Dividend investing is a great way to get the income you need from your portfolio. But you can't just buy any dividend stock and count on it to keep delivering the regular income you need through good times and bad. Unfortunately, many dividend stocks run into tough situations and have to reduce or even eliminate their dividend payments in order to survive. That can leave you facing the double-hit of suffering a share-price decline at the same time that your dividend income disappears.
Fortunately, some dividend stocks have stood the test of time, not only delivering reliable dividend income year in and year out, but also consistently increasing the amount of money they pay to their shareholders. To give you some great ideas on stocks you can count on to play this vital role in your income portfolio, let's take a look at three rock-solid dividend stocks that investors have owned for decades to beef up their income.
Colgate-Palmolive (NYSE:CL) is a stalwart of the consumer-products space, with a market-leading position in its namesake toothpaste as well as offering a lineup that includes popular soaps, cleaning products, and pet nutritional products. The company has global scope, getting more than 80% of its sales from its international business, and its dental products in particular earn high marks from professionals advising their patients, which help to drive further business.
From a dividend perspective, Colgate has made annual dividend increases for 51 straight years, and although its yield is only around 2% right now, that in part reflects the huge growth that the company's shares have seen. With a 10-year average annual return of more than 14%, Colgate-Palmolive has plenty of potential to tap emerging markets with rising consumer bases eager to pay up for its premium products.
2. Altria Group
Tobacco giant Altria Group (NYSE:MO) inspires debate among dividend investors, some of whom question whether so-called "sin stocks" are socially responsible holdings for their portfolios. Nevertheless, Altria has an impressive 45-year track record of raising its dividends each year, and it has also produced some lucrative spinoff opportunities for its long-term shareholders, including food giant Kraft Foods and international tobacco offshoot Philip Morris International. The stock currently yields more than 4% despite an impressive run-up in its shares that have produced returns of 50% from its lows earlier this year.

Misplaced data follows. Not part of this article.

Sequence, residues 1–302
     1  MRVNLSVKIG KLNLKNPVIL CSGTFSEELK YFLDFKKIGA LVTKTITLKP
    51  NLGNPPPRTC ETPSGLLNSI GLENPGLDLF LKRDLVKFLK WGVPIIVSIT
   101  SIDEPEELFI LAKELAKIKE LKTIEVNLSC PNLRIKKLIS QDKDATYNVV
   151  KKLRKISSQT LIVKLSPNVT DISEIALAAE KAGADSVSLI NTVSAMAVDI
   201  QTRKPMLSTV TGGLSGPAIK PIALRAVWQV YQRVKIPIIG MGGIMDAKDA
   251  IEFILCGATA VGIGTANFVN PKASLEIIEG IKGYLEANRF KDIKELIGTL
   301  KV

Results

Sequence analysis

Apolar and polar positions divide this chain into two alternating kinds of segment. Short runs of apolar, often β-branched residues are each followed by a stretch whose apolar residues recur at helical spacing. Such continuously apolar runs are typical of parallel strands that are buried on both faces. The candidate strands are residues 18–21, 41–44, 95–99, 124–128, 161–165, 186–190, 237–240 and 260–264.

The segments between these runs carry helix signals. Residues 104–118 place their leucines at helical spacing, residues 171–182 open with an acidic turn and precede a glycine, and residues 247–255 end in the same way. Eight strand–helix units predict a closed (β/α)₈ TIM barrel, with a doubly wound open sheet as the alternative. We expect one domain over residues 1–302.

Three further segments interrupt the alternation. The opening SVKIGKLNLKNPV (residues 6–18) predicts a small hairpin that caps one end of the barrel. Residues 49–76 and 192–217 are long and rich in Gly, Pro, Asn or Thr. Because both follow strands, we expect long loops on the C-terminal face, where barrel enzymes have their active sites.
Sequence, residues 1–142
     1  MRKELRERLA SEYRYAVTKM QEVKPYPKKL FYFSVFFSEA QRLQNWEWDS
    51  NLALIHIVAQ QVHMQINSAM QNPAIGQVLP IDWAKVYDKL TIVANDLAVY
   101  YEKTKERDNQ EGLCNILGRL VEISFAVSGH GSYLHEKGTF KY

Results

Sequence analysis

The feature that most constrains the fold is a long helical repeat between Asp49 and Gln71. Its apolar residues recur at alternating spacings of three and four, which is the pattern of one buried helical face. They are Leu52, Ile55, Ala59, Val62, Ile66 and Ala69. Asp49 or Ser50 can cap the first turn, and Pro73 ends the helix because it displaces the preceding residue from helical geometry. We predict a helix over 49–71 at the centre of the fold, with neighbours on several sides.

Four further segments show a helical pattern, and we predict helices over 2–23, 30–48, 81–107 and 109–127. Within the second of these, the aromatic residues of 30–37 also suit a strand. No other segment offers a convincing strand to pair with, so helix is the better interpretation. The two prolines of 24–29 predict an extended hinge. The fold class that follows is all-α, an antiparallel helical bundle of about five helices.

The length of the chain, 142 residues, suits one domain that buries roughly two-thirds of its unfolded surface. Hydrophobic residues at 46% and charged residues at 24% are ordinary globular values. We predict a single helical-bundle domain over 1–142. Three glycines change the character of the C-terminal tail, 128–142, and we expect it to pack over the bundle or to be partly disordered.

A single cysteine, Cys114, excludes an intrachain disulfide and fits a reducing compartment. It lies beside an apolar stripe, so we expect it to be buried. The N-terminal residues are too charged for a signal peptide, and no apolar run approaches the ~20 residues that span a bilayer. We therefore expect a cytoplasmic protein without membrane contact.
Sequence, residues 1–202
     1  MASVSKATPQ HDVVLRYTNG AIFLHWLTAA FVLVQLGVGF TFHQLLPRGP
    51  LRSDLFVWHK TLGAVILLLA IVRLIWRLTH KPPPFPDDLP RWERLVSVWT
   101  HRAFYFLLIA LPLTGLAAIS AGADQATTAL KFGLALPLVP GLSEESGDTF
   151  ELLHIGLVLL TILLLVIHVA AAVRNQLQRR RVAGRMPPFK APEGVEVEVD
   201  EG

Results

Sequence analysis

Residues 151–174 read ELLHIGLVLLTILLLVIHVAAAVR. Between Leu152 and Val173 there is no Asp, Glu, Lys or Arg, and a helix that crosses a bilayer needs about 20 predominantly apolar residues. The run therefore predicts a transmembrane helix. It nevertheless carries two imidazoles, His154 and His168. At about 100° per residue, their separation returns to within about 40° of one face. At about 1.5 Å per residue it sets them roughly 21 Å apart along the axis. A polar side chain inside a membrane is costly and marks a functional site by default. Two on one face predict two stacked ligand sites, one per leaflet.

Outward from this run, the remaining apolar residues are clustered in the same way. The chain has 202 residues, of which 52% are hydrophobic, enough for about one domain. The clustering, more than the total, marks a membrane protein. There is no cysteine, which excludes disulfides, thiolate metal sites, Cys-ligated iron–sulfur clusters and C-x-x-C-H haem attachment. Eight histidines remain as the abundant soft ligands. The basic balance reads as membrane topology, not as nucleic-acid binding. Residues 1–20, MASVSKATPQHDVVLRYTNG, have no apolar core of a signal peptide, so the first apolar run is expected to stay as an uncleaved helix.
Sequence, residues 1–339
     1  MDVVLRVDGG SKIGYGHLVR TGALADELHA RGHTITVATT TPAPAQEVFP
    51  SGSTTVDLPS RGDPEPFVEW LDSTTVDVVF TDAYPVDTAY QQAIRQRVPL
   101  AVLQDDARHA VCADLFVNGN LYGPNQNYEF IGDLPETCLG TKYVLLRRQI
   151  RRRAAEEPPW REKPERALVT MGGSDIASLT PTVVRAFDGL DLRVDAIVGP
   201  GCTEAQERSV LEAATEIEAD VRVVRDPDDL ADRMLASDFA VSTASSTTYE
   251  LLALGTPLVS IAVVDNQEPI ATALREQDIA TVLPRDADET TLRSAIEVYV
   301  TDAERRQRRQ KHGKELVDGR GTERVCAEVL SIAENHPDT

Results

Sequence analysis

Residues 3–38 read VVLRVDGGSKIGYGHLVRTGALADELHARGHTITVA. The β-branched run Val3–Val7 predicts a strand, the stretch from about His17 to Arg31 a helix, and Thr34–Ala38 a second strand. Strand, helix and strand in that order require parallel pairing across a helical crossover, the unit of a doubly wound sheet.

Critics point to falling volumes of cigarette sales as a sign of Altria's inevitable decline. Yet at least so far, Altria has been able to offset those lower volumes by raising prices, and its efforts to promote alternatives to traditional cigarettes have produced encouraging early results. Given its past tenacity in finding ways to survive despite long odds, Altria should continue to generate the income that investors have come to expect from the tobacco company.
3. Procter & Gamble
As we saw above with Colgate-Palmolive, consumer-staples stocks enjoy the predictability of having a huge customer base around the world with constant and unwavering demand for their products. Procter & Gamble (NYSE:PG) relies on that fact to an even greater extent than its peers in the consumer-products space, with about two dozen billion-dollar brands serving billions of customers in 180 countries around the world.
For 58 consecutive years, Procter & Gamble has increased its dividend annually, and even now, the company pays a noteworthy yield of nearly 3%. Given the pace at which P&G's stock price has risen as well -- the stock has generated total returns of almost 11% annually over the past five years -- Procter & Gamble has also demonstrated its ability to capture promising growth opportunities, especially in rapidly growing markets abroad.
These three stocks aren't the only strong dividend payers in the market, but if you're looking for a combination of an attractive yield and a long history of dividend growth, it's hard to find better companies out there. By looking closely at the dividend stocks you own in your portfolio, you can make sure you have the highest-quality companies whose business models have the best chance at generating the profits they'll need to keep paying dividends far into the future.
Dan Caplinger has no position in any stocks mentioned. The Motley Fool recommends Procter & Gamble. Try any of our Foolish newsletter services free for 30 days. We Fools may not all hold the same opinions, but we all believe that considering a diverse range of insights makes us better investors. The Motley Fool has a disclosure policy.